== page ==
I do not like wearing a kippah. I grew up in a Reform synagogue where few people wore them, including the rabbi. The gendered nature of it bothers me. (Why, in some “egalitarian” synagogues are men forced to wear them, but not women?) And, quite frankly, I don’t like being told what to wear.
But I put on a kippah last week. I’m going to wear this visible symbol of my Jewishness all day, every day, for the foreseeable future. I’m not wearing it to remind myself that God is above me, one of the explanations for the custom. This isn’t about God. It’s about this: Since the surprise of Election Day, members of the alt-right, white nationalist groups and racists, misogynists, Islamophobes, homophobes, ableists (against the disabled) and, of course, anti-Semites of every stripe have been emboldened. As a Jew, I want the bigots and their victims alike to know that I stand with the outsiders.
According to the Southern Poverty Law Center, there has been a massive uptick in hate crimes since Nov. 8. By Nov. 11 — about 72 hours into this new reality — the SPLC had counted 201 “incidents of hateful harassment and intimidation since Election Day.”
On Nov. 10, I stumbled across whywereafraid.com, a blog that compiles news articles, tweets, Facebook and other social media posts that document a hate incident. It gets updated every 10 or 20 minutes. My gut wrenched as I scrolled through it.
• In Pittsburg, right here in the Bay Area, a man on Twitter reports a house decked out with a banner that reads: “You can hang a nigger from a tree. Equal rights he’ll never see!”
• In a parking garage at San Jose State University, a sophomore Muslim psychology student says she was attacked by a man who “grabbed her hijab from behind and yanked it backward.”
• In Los Angeles, a woman reports that she was pumping gas into her car, which has “liberal bumper stickers,” when a male stranger said, “I should grab you by the pussy.”
• Also in L.A.: A substitute teacher was recorded telling an 11-year-old Latina, “If you were born here, your parents got to go. They will leave you behind, and you will be in foster care.”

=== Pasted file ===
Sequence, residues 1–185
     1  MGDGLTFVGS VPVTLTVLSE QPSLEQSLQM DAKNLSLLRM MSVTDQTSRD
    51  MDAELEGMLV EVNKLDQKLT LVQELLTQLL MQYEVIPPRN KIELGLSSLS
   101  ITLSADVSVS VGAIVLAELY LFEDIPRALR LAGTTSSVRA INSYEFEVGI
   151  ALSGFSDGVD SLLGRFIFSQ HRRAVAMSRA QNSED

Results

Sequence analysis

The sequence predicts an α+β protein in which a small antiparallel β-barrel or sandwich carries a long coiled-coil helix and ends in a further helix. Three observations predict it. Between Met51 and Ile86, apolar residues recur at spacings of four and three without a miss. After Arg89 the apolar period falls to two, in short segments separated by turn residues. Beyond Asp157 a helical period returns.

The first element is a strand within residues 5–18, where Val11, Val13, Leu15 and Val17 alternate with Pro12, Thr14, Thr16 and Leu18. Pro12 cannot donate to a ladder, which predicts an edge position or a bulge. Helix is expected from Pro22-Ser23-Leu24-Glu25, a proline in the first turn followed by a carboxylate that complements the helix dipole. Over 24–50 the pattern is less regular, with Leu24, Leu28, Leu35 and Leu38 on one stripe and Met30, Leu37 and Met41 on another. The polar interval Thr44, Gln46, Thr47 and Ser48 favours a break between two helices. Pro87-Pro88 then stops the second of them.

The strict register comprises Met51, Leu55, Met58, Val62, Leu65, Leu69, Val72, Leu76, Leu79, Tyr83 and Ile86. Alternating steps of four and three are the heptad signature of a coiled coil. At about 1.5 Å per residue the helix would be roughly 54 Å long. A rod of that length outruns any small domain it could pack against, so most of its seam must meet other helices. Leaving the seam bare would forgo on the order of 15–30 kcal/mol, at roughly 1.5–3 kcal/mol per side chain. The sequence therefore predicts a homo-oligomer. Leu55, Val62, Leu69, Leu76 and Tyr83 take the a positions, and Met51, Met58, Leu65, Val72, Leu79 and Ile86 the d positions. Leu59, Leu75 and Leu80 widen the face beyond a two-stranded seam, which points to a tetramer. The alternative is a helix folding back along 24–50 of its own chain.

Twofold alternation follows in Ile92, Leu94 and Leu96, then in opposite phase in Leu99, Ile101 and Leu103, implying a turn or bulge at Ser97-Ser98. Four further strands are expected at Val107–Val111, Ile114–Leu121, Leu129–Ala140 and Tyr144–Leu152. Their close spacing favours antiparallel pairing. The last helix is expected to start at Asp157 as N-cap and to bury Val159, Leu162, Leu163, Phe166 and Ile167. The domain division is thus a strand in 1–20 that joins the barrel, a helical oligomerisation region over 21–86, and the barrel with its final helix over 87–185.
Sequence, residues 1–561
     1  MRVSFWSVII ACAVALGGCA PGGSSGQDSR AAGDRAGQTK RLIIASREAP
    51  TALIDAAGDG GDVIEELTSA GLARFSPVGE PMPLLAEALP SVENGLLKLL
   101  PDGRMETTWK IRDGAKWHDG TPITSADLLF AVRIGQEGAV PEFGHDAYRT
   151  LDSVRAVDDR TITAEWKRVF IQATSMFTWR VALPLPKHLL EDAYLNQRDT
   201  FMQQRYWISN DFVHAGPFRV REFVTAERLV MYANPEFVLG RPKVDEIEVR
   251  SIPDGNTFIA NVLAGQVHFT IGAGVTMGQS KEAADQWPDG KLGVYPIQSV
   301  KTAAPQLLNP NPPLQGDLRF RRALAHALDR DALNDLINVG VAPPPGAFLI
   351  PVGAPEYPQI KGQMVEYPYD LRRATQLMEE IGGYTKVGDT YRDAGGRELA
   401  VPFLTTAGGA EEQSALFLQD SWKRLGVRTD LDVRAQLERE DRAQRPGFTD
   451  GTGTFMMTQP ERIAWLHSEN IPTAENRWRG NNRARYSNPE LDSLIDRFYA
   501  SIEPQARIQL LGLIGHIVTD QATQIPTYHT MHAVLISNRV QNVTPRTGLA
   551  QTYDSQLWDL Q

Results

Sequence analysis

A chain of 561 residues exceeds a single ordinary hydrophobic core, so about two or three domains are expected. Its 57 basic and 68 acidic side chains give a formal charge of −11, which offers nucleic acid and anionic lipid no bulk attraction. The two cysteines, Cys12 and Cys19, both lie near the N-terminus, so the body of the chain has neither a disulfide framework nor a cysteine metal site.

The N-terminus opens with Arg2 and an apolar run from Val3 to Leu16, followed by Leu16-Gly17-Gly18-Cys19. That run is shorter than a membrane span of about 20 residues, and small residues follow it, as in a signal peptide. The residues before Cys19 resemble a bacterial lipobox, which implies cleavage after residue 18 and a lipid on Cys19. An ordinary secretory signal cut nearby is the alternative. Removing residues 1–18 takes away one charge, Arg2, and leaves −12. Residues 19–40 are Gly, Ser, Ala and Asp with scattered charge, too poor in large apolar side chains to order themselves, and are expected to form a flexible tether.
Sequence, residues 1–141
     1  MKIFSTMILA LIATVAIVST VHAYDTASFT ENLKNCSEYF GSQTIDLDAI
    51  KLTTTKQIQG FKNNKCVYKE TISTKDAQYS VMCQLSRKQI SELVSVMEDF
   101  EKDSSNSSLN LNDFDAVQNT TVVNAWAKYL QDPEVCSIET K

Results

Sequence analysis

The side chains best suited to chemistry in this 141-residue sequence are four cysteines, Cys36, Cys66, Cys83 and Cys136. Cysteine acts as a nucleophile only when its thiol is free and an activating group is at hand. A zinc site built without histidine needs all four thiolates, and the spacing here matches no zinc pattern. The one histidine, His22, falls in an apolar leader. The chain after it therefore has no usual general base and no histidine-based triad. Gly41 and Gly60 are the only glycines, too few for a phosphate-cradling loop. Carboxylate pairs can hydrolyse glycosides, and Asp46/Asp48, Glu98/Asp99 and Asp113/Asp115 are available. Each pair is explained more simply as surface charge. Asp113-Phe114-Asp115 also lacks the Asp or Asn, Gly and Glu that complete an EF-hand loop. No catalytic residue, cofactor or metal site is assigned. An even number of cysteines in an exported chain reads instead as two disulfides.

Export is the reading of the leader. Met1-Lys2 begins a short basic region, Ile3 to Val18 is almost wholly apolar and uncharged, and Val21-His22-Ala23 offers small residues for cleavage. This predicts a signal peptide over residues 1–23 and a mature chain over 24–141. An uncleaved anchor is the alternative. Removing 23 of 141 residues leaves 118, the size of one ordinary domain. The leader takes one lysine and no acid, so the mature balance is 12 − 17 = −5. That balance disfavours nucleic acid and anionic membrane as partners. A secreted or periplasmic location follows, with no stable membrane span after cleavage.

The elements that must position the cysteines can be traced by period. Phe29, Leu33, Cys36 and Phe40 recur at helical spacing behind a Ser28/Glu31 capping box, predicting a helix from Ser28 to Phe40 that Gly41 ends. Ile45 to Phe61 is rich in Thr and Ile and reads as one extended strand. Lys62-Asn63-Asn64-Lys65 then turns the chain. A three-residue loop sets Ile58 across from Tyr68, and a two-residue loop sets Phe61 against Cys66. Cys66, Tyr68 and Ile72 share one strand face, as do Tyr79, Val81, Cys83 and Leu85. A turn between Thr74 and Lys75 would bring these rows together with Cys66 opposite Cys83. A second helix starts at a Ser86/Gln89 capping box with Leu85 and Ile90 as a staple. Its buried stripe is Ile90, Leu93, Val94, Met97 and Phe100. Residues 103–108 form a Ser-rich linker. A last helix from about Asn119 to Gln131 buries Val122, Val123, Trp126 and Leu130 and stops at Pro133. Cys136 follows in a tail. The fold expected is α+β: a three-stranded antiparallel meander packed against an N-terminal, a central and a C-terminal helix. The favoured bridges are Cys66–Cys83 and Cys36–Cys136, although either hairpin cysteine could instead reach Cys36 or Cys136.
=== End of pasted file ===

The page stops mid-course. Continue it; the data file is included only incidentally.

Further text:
• Since Election Day, swastika graffiti has been popping up all over, including dorm rooms and sidewalks in New York City. In the so-called City of Brotherly Love, graffiti on a Philadelphia shop window spelled out “Sieg Heil” and “Trump,” but with the “T” replaced by a swastika.
• Har Shalom, a synagogue in Missoula, Montana, sought police protection “after American Nazi party fliers accusing Jews of controlling the media were dropped in residential areas of the city.”
• Vox.com writer Lee Drutman received an envelope containing “four pages’ worth of anti-Semitic propaganda.” Of course, throughout the campaign, Jewish members of the media were targeted by assorted online bigots.
• At a Veterans Day parade in Petaluma, some knuckleheads who really missed the point of the parade showed up with Confederate flags.
So far I haven’t heard of any physical attacks on Jews. The swastikas, of course, should trouble us. But the incident in San Jose is the one that sent me over the edge. Attacks on hijab-wearing women are happening elsewhere; there was one on a bus in Queens, New York, and in Ann Arbor, Michigan, where a man forced a woman to remove her hijab by threatening to set her on fire. Violently forcing a person to remove an article of religious clothing should horrify you as Jews.
During the campaign I was disgusted by the social media attacks on my Jewish colleagues in the press, which featured disturbing imagery and language. Just a swarm of online trolls, I thought. Now, however, I can see that the United States is in a new environment of hate.
As a white man, my minority status isn’t always visible. That’s why last week I went to a local Judaica shop and bought two kippot — so visceral is my revulsion at the increasing attacks on all minorities. As a Jew, I am an outsider. And so I stand in solidarity with all outsiders.
“Now is exactly the time to wear our kippahs and tsitsit out. To be ‘Jews on the street,’ as new Eastern European Jewish immigrants so strongly tried to hide and assimilate into white WASPyness,” a friend of mine wrote on Facebook the other day. “We need to be visible right now and shed this shame. People’s hijabs are literally being torn off.”
I don’t know that it’s shame that has kept kippot off of liberal Jewish heads. But it is time to put them on.
Wearing a kippah is for me not just an act of solidarity and visibility; it is a reminder that none of this is normal.
This is not normal. This is not normal. This is not normal. That will be my mantra in the coming weeks, months and years.
I’m not the only person I know doing this. Since I first came out as a kippah-wearer last week, I have heard from about a dozen other Jewish friends and acquaintances doing the same all over the country.
Join our movement. Be a Jew. Show the world you’re a Jew. Show our fellow minorities that we are with them, that we are in this together.
The hate is here. The bigotry is real. It is vocal, and it is visible. Things will get worse. And as they do, I will stand with the Muslim woman in San Jose and others like her. Unlike the old kippah I wore when I visited synagogues that require it — small, black, as inconspicuous as it could be — my new ones have some color. You can’t miss them.
I won’t be an invisible minority any longer. I hope you’ll join me.